This Bleeding City by Alex Preston; Where the Serpent Lives by Ruth Padel; The Temple-goers by Aatish Taseer; Catch by Simon Robson - review by Lindy Burleigh

Lindy Burleigh

Lindy Burleigh on a covey of first novels

  • Alex Preston, 
  • Ruth Padel, 
  • Aatish Taseer, 
  • Simon Robson

Former bond trader Alex Preston’s quietly ambitious debut, This Bleeding City, tackles the recent financial crisis from an insider’s perspective. His novel follows the fortunes of a group of university friends who are lured into working in the City by the big bonuses on offer. Like his narrator Charlie Wales (a nod to Scott Fitzgerald, that great chronicler of boom and bust), a trader in a Mayfair hedge fund, Preston was at the heart of it all when the markets crashed.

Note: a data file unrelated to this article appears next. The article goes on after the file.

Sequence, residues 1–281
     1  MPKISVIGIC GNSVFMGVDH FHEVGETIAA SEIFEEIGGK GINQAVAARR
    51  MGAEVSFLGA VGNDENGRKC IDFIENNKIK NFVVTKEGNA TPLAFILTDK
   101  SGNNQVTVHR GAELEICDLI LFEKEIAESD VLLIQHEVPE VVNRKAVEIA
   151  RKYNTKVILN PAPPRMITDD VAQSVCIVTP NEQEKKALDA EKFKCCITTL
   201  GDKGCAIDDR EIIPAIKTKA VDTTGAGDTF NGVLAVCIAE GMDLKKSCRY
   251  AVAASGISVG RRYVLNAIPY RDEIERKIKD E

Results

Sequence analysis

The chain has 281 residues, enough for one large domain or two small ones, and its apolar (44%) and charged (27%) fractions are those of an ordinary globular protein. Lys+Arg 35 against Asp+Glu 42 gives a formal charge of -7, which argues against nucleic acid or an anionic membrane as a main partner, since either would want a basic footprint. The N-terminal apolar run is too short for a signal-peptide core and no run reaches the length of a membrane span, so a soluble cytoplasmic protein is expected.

For those of us who don’t know our derivatives from our sub-primes, Preston’s rendering of the arcane world of high finance makes gripping reading, and affords disturbing insights into the way in which the market is driven by greed, ego and an excess of adrenalin; ultimately it’s ‘just

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